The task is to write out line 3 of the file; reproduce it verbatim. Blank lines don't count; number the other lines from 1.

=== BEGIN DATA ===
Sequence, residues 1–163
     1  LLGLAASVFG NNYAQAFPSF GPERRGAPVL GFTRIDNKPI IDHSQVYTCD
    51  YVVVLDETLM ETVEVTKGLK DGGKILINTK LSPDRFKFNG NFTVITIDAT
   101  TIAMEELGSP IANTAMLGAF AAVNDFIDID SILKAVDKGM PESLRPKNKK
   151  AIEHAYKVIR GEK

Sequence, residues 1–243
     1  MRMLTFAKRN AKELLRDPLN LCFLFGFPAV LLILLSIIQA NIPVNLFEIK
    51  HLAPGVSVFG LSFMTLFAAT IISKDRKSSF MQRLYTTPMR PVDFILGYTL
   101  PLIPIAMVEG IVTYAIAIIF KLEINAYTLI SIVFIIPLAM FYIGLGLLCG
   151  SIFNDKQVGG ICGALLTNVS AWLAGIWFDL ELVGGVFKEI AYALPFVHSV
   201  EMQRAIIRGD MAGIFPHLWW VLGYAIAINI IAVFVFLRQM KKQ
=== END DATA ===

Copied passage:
    51  YVVVLDETLM ETVEVTKGLK DGGKILINTK LSPDRFKFNG NFTVITIDAT